Evans: Stadium Project Harms Credibility of Educators

Print More

Lyle Muller/IowaWatch

The Liberty Bell Memorial is on the capitol grounds in Des Moines next to the Iowa Statehouse parking lot. Photo taken Saturday, June 2, 2019.

Credibility is oh so fragile, and officials in Iowa’s largest school district dented theirs last week.

Even people who don’t live in Des Moines should be troubled by what occurred, because there is a good chance, come January, the Iowa Legislature will respond in ways that could affect every other school district in the state.

Here’s why:

In the Nov. 5 school election, the Des Moines school district asked voters to approve a higher property tax levy for the district’s building and equipment needs. The higher physical plant and equipment levy will bring in an additional $6.5 million a year.

Earlier this year, Superintendent Thomas Ahart complained about the
Legislature’s inadequate funding for K-12 schools. He said that was forcing the district to close an administrative office building and the Lincoln Rails Academy, a freshman-only school that reduces congestion at Lincoln High School, one of the district’s five comprehensive high schools.

Randy Evans

STRAY THOUGHTS

Randy Evans is the executive director of the Iowa Freedom of Information Council. He is a former editorial page editor and assistant managing editor of The Des Moines Register. Opinions are his own.

Visit the Iowa Freedom of Information Council website at: http://ifoic.org/

What Ahart never shared with voters in the weeks leading up to the school electionwere a couple of important details that taxpayers deserved to know before voting:

DETAIL #1: The school district has accumulated just shy of $100 million that can only be spent on school building needs and property tax relief. The money comes from the statewide 1 percent sales tax called SAVE, short for Secure an Advanced Vision for Education.

DETAIL #2: The district was wrapping up negotiations with Drake University for construction of a $19.5 million, 4,000-seat soccer stadium on the Drake campus that they would share, with the Des Moines district providing $15 million for the project.

On election day, Des Moines voters, having been kept in the dark about these two details, overwhelmingly approved the higher physical plant and equipment levy, with 64 percent favoring it. One week later, Ahart and Drake President Marty Martin rolled out plans for the new soccer stadium, complete with architects’ sketches, a logo and a lengthy Q&A.

It’s not as if the Des Moines public schools have not had a place to play their football games or soccer matches.

Four of the five high schools have their own football stadiums that they will continue to own — and pay to maintain — even under the deal with Drake.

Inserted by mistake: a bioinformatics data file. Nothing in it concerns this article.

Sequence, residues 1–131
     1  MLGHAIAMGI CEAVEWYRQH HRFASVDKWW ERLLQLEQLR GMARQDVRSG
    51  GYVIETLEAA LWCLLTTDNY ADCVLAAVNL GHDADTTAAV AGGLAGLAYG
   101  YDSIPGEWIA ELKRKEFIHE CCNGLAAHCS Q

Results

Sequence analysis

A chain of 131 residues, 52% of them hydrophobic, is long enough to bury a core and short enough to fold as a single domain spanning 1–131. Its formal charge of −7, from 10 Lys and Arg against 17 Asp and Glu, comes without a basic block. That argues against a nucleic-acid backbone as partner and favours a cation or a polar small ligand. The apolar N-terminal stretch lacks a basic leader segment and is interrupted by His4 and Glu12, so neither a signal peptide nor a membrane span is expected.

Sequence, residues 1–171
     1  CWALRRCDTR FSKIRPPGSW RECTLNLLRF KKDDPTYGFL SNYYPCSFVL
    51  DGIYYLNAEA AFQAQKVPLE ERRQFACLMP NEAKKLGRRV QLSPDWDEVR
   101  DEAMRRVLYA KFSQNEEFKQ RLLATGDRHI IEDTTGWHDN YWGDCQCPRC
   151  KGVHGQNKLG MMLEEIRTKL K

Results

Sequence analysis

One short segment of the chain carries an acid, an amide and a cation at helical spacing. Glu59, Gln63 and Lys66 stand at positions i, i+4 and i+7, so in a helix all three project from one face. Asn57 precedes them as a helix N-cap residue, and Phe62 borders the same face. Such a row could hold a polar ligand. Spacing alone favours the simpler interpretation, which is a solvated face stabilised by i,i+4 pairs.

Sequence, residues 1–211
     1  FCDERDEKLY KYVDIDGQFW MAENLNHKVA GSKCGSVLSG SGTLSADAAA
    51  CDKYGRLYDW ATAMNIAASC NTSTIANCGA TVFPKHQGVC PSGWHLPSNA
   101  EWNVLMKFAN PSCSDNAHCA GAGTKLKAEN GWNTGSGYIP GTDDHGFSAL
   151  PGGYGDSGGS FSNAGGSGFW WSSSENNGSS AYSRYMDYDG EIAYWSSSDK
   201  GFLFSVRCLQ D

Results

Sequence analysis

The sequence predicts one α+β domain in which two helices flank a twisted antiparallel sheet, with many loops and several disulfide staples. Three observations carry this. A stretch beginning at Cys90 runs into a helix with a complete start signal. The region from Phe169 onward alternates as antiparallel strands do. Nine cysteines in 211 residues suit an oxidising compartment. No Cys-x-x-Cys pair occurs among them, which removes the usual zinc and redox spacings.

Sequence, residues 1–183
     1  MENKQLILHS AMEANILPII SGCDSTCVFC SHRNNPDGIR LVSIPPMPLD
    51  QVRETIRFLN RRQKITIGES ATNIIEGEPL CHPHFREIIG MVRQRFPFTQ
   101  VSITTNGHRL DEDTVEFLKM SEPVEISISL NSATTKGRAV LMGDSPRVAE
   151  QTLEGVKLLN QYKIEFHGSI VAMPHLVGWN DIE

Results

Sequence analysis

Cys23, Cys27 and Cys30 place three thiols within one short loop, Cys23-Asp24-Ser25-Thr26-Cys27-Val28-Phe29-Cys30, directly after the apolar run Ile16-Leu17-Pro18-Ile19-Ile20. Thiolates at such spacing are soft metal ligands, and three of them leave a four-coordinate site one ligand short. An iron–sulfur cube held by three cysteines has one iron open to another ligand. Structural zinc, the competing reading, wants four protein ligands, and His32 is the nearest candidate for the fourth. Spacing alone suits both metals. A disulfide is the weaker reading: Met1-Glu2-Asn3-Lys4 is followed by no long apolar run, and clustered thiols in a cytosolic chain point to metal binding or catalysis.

The high school without its own stadium plays its games at Drake Stadium, where the university’s football team plays.

The high schools, and Drake, too, play their soccer matches at the Cownie Soccer Complex, a 12-field facility owned by the city of Des Moines. The Cownie complex is not some rinky-dink layout. The state high school boys’ and girls’ soccer tournaments are played there.

Earlier this year, before the project at Drake was announced, the city said it wants to double the size of Cownie by adding 12 soccer fields with artificial turf so Des Moines can attract more Midwest youth tournaments and not have events washed out by rain.

The reaction to the Drake deal was swift — and not surprising.

State Sen. Jake Chapman, an Adel Republican who leads the Senate Ways and Means Committee, said of the use of $15 million in school sales tax money for the soccer facility, “That’s crazy.”

Sen. Herman Quirmbach of Ames, the ranking Democrat on the Senate
Education Committee, said, “I certainly value extra-curricular activities. But they’re extra-curricular. Curricular should come first.”

Graham Gillette, a former school board member, put it bluntly: “The
infrastructure needs at district school buildings used day in and day out by students and the community should take precedence over constructing another facility to shine under the Friday night lights.”

The statewide school sales tax was scheduled to expire in 2029. But the Legislature voted this year to extend the tax to 2051.

This is why residents of school districts outside of Des Moines should be uneasy about the Drake project: Chapman told the Des Moines Register, “I am absolutely open to considering new changes when you see something like this happening.”

Art Wittmack, president of the Taxpayers Association of Central Iowa, which endorsed the higher physical plant and equipment levy in Des Moines, said, “Taxpayers hear about insufficient funding for education, and yet there seems to be fundsavailable for stadiums.

“Boy, the optics on this deal are bad.”

Yes, bad optics.

The nearly $20 million price tag for the new stadium exceeds what many rural Iowa school districts spend for a new high school.

With the Des Moines school district having a nest egg of almost $100
million squirreled away, members of the Legislature and Gov. Kim Reynolds should ask themselves whether they were too hasty in approving the sales tax extension.

Taxpayers throughout Iowa should pepper lawmakers and the governor with letters, emails and phone calls telling them the sales tax law should be amended to require a vote of the people if sales tax money is going to be spent on sports facilities.

And taxpayers in the Des Moines district should grill Ahart and demand to know why they were kept in the dark when they were asked to raise their property taxes.

As I’ve said many times, government is not going to build credibility with the public by engaging in secrecy and spin.